Meet America's Cheapest Family: Get Money Saving Tips

At a time when many consumers' grocery bills are rising, the aptly named Economides family is able to feed itself inexpensively.

The family of six spends only $350 monthly on groceries.

Annette Economides said she and her husband, Steve, see the search for great deals as thrilling entertainment.

"If your job is to stretch your dollars and you can do it and have success at it, wouldn't you?" she said.

The pair and self-proclaimed cheapest family are able to stock a lot of food for a little bit of money, thanks, in part, to coupons. They use them for almost every item. During one recent shopping venture, for instance, the Economides bought more than $140.58 worth of food for $53.01.

The typical American family usually spends more on a few bags of groceries, so "Good Morning America" challenged the Economides to see what they could get for $100.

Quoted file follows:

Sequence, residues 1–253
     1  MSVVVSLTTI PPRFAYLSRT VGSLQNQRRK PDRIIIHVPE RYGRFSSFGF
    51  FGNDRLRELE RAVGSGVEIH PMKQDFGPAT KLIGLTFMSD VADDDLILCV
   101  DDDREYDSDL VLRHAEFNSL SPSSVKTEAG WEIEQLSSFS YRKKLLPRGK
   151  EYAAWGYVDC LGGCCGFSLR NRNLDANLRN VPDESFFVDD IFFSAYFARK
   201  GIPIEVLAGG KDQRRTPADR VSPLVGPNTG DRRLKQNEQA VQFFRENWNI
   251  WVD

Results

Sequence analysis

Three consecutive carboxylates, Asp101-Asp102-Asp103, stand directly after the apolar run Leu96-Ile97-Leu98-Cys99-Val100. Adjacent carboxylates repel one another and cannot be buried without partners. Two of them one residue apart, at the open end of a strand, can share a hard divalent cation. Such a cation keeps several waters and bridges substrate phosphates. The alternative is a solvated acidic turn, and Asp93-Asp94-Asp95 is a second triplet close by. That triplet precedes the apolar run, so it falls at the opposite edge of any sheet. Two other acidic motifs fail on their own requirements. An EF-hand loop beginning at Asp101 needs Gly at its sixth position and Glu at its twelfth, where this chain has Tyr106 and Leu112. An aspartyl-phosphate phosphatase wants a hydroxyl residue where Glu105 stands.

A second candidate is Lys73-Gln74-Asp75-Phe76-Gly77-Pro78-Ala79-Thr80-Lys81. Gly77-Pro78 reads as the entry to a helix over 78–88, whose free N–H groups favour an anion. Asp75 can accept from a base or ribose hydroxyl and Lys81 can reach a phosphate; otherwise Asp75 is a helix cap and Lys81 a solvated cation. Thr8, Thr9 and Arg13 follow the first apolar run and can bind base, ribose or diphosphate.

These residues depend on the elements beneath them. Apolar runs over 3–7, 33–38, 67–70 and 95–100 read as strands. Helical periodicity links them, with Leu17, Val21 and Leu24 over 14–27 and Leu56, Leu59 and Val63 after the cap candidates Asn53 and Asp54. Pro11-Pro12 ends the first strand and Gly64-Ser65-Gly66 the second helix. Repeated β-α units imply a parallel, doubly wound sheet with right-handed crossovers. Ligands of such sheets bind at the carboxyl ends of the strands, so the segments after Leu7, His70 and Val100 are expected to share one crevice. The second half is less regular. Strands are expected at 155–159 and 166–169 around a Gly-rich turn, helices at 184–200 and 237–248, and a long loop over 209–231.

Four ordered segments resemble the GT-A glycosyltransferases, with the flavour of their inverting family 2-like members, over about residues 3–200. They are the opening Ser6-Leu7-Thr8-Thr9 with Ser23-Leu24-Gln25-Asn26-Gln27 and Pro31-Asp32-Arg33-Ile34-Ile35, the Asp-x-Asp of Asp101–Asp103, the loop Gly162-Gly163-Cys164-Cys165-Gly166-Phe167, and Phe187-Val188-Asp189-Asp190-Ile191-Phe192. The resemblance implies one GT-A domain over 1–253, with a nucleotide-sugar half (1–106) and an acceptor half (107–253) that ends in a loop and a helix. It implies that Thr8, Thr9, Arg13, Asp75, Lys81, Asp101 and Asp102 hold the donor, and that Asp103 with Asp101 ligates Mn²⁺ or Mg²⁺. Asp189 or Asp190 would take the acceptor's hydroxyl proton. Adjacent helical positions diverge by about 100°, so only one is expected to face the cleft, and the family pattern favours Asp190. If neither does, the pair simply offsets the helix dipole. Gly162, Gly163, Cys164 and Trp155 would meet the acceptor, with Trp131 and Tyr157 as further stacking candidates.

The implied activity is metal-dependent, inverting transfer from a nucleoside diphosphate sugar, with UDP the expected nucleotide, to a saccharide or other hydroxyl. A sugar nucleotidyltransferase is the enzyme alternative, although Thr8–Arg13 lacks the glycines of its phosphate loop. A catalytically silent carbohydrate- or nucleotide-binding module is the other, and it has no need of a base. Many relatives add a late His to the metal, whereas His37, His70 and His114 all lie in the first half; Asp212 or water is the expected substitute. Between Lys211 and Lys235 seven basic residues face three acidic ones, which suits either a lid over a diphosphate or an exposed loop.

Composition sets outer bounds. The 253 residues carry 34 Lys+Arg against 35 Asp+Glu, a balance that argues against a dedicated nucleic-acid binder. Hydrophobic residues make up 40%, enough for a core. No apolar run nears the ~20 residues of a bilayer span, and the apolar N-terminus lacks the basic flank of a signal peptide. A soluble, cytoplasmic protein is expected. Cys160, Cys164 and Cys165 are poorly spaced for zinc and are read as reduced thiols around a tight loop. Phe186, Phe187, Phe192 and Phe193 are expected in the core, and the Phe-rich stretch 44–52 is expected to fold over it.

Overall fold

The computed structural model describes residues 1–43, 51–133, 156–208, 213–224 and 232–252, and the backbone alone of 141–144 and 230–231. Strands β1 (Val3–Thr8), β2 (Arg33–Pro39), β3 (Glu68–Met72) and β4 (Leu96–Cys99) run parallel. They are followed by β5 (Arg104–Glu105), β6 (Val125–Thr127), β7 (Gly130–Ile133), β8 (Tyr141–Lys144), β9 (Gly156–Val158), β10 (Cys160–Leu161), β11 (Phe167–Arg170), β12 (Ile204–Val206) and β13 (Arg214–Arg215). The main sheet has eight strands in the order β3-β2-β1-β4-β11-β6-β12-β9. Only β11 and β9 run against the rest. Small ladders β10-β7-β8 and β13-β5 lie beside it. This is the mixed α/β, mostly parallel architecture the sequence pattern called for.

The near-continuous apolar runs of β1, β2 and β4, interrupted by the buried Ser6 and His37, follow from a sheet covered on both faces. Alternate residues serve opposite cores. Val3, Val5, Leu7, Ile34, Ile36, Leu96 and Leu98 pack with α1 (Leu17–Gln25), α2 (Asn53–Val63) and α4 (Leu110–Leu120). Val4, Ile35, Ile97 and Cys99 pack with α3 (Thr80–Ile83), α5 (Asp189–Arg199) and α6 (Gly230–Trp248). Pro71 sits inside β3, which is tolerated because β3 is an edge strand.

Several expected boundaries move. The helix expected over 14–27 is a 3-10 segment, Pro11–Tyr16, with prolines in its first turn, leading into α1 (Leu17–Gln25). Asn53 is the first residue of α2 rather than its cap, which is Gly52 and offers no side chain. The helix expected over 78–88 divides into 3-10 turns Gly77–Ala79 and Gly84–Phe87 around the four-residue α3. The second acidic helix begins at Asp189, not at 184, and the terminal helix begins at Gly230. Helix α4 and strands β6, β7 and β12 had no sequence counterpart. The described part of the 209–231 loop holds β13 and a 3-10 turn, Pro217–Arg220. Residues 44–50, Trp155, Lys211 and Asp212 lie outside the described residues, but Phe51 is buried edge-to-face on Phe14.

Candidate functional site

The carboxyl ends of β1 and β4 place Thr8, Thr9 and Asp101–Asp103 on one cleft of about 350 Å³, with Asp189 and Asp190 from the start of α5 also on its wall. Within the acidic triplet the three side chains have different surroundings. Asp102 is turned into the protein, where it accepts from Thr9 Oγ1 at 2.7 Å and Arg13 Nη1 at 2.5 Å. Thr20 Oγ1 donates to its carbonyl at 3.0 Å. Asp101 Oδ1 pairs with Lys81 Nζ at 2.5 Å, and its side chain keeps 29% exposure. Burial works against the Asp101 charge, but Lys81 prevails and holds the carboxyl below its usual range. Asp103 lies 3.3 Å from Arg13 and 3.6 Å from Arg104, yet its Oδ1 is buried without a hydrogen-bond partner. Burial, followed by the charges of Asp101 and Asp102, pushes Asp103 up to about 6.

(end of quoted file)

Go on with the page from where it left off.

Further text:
Leaving the store with 13 grocery bags, the Economides were able to get everything from luncheon meat to fruits and vegetables for $101.77. You, too, can save big on your food items.

Check out their tips for saving at the grocery store.

Don't go to the grocery store often.

A lot of families are going three, four, five times a week. You have to take a challenge and say, "I'm going to plan a menu. I'm going to plan five dinners. And I am going to go shopping once this week, and buy the stuff I need, use what's in my pantry."

Leave the kids at home.

You'll save three times the price of the baby sitter if you have time to really think and walk through the store and pick up the things you really need.

Slice your own luncheon meat.

Buying meat and asking the deli to slice it can save $1 to $5 a pound. The Economideses also recommend that you grind your own meat. You can buy the cheapest cuts of chuck roast or chuck steak at $1.50 a pound, leave most of the fat on and grind it to look and cook as if you had bought $5-a-pound lean ground beef. The say the savings can be $3.50 a pound.

Visit the family's Web site at

MORE: How 'America's Cheapest Family' Lives Debt Free.